Finding Your Water Quality Report

#Before you can read the report, you need to have it. If you don't have the hard copy mailed out from your utility (they usually come out in July) then you may be able to find a copy online. The easiest way to see if the report is available online is to google (click on image to the right) "the city you live in" + "water quality report". For example you would enter Omaha, NE water quality report. This should provide a link to a page that contains the report. If not, then search for "the city you live in" + "consumer confidence report". If you pay someone other than your city for your water then enter those search terms instead, for instance 'American Water, CA' for American Water of California. Some reports are not posted online in which case you will need to call your local water company and they will mail out or you can pick up a copy of the most recent report.

Understanding Your Water Quality Report

#Public or community water systems are required to provide a drinking water quality report to its customers on an annual basis. These reports (also known as consumer confidence reports-CCR), which EPA developed in consultation with water suppliers, environmental groups, and the states, enable Americans to make practical, knowledgeable decisions about their health and their environment. Many bottled water companies also provide a water quality report to their consumers. These reports can be distributed through a variety of means including printed publications, internet, postings and direct contact. They help people make informed choices about the water they drink, and let them know what contaminants if any, are in their drinking water or bottled water. CCRs also give the public water system a chance to tell customers what it takes to deliver safe drinking water and how contaminants may affect their health.

Some public water systems may be exempted from certain testing requirements. Also, public drinking water may be allowed under EPA regulations to exceed the MCL's for certain contaminants under special conditions. Should public water systems exceed an EPA MCL, they must notify their customers of that exceedance. Additionally, public drinking water that exceeds the microbiological standard for coliform and e coli is required to issue a boil water alert to its customers for health and safety purposes. Bottled water may not exceed the MCL for any contaminants under any condition. A recall is required on all affected bottled water product if an MCL is exceeded.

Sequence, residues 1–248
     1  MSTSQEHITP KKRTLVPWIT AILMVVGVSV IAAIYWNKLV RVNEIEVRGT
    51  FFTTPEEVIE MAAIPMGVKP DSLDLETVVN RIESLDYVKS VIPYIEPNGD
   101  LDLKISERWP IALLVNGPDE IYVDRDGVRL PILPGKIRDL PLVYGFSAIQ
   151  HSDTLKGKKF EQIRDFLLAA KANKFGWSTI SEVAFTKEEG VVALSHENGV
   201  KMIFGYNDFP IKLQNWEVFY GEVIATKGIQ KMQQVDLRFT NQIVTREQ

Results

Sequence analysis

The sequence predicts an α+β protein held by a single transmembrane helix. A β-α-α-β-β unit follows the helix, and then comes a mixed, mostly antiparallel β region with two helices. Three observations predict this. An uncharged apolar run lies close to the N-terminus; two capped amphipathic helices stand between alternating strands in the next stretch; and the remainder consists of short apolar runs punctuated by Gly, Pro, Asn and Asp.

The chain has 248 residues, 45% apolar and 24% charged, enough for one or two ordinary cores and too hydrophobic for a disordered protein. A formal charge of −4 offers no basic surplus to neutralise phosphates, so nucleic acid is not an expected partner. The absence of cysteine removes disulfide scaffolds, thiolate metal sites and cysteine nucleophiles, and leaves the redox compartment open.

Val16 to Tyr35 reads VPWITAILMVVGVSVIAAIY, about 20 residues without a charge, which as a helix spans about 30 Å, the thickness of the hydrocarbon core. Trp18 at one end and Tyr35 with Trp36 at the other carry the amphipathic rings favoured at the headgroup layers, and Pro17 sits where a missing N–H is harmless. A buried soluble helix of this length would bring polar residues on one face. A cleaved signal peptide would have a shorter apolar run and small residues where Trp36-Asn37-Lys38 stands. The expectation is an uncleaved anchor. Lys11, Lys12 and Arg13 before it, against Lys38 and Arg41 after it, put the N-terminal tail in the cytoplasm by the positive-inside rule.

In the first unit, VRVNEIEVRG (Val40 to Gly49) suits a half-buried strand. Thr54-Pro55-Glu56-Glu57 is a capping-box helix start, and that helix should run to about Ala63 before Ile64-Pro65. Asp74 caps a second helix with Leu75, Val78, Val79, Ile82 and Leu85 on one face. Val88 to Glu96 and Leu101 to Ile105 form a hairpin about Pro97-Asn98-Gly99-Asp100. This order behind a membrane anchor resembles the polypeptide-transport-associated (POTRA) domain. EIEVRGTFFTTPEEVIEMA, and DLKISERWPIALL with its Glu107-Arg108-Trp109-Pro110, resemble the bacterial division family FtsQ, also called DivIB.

The EPA has a site that provides greater details on Consumer Confidence Reporting. It can be found at: While the EPA regulates public water supplies as a utility, the FDA regulates bottled water as a food product. Public water systems must meet EPA Drinking Water Standards as established under the EPA Safe Drinking Water Act (SDWA). Bottled Water must meet the FDA Bottled Water Regulations and through the SDWA also meet EPA Drinking Water Standards.

Understanding Water Quality Terms

Water quality reports use terms that help to define and report on the presence or absence of contaminants, substances or physical parameters. Common to both bottled water and public drinking water are the terms:

MCL: Maximum contaminant level: the highest level of a contaminant that is allowed in drinking water. MCLs are set as close to the maximum contaminant level goals as feasible using the best available treatment technology.
MCLG: Maximum contaminant level goal: the level of a contaminant in drinking water below which there is no known or expected risk to health. MCLGs allow for a margin of safety.

Because typical public drinking water systems treat surface water with best available methods, they may also report in terms such as:

TT: Treatment technique: a required process intended to reduce the level of a contaminant in drinking water.
AL: Action level: the concentration of a contaminant which, if exceeded, triggers treatment or other requirements which a water system must follow.
Variances and Exemptions: State or EPA permission not to meet an MCL or a treatment technique under certain conditions.
MRDLG: Maximum residual disinfection level goal. The level or a drinking water disinfectant below which there is no known or expected risk to health. MRDLGs do not reflect the benefits of the use of disinfectants to control microbial contaminants.
MRDL: Maximum residual disinfectant level. The highest level of a disinfectant allowed in drinking water. There is convincing evidence that addition of a disinfectant is necessary for control of microbial contaminants.